Why Larry Page wants a no-man's land, and why you might too
Larry Page's comment that he wants to "set aside a part of the world" without regulation seems, on it's face, kind of crazy, like some lurid fusion of Ayn Rand and William Gibson fiction, until you realize that something almost like that already exists, you're on it, and Google relies on it to make billions of dollars. I'm talking about the internet.
From the very beginning, Google's mode of operation has been to vacuum up everyone's data for free or cheap, then use it to make compelling services, on which it can generate ad revenue. Search grabbed web pages, YouTube came for your videos, Gmail your email, and so on. And to technical people this all makes perfect sense, it's just a bunch of bits, right? We're just moving them from point A to B. This is what computers were invented to do. There are no physical constraints. It's the hacker ethos: information wants to be free.
But it turns out that information exists in a context. This magical layer beyond the physical world where data runs free is channeled over wires and through servers that live in the world like everyone else. "Just bits" is also some grandmother's bank balance or the name of a confidential source. In many ways, this is the whole story of the last few years. Bitcoin is the freest currency we know how to create, Tor the freest communication channel, and to some, Julian Assange, Aaron Swartz and Bradley Manning are revolutionary icons. Meanwhile Google and Facebook profit from a watered-down, corporate version of the same creed -- call them revolutionaries with stock options.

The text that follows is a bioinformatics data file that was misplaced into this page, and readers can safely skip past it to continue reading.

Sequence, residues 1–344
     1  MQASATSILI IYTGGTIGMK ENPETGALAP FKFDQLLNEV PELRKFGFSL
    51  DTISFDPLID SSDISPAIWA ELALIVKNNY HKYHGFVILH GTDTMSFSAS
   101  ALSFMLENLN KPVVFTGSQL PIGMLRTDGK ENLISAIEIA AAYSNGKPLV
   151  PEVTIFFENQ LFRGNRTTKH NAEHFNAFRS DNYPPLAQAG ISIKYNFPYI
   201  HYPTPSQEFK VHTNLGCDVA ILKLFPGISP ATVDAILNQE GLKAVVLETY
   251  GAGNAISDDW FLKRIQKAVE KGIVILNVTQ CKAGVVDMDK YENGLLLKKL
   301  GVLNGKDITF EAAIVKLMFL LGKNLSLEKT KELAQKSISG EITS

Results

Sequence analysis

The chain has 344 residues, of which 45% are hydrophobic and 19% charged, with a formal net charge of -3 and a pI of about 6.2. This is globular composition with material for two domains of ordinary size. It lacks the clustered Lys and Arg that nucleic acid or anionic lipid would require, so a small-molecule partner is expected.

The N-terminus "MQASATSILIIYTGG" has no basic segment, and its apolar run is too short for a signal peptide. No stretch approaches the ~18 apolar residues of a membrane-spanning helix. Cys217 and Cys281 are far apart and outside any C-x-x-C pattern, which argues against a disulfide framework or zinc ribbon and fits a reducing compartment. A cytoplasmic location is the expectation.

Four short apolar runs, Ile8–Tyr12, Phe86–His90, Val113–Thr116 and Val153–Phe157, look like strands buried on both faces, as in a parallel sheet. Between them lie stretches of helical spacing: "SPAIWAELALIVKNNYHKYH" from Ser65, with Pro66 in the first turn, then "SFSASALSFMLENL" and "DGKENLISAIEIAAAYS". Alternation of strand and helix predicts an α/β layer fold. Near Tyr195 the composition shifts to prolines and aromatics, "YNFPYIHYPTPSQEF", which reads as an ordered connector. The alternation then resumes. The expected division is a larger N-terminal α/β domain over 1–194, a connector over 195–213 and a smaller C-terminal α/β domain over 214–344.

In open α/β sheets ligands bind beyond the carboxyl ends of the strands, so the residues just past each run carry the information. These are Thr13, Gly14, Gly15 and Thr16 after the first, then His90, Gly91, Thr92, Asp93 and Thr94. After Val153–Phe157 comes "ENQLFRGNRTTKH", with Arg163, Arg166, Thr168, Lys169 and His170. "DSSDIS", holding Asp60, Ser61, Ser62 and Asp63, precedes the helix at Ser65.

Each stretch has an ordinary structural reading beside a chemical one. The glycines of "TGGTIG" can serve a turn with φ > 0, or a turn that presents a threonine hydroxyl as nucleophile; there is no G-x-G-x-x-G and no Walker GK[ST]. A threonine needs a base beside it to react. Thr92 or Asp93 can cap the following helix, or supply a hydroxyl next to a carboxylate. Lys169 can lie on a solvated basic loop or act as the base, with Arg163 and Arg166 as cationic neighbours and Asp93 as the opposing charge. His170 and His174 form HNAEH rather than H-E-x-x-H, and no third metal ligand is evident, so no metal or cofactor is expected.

So Google has had to fight lawsuits against everyone from Oracle to the Associated Press, and get sanctioned by the EU and the FTC. Because their virtual land grab sucks up property other people feel they have a right to. As Google's ambitions widen -- as they assume the role of the internet wunderkind made good, now circling back around to physical space -- to self-driving cars and to insta-recording glasses on everybody's face, they're going to run into even more of these barriers constructed by government. Google Health and Streetview were just previews.
To Page, to Google, to internet pioneers of all stripes, it has to seem maddening. They've solved the technical challenge. They've lined up all the bits, all that's left is to set them free. Why can't our cars just drive themselves already?
And so this is the context of Page's dream of a free autonomous zone. No doubt, the problem with his voice, puzzling and isolating as it is, has given him some time and reason for introspection. And this is his contribution, ad-libbed or not, this is part of him as a person. It can't be far from anyone's mind, that if he wanted to, he almost has the cash to pull this off.
In a way, it's the dream of many. If only we could construct a system without government that actually worked. Isn't freedom the best possible outcome? What could be more democratic than the people governing themselves? In our minds, we can construct it, this place where somehow, never mind how, we'd all just get along. On its best days, the internet, with fewer consequences and infinite virtual land, is that place.
But it's also proven that the dream is a fantasy, that some rules and constraints are needed, so grandma can keep all her money, and we don't witness a lynch mob every second Tuesday. It's clear we haven't figured out what those bright lines are, how to draw them, and how to keep them from impeding the internet we so cherish, at once free, priceless and worth billions.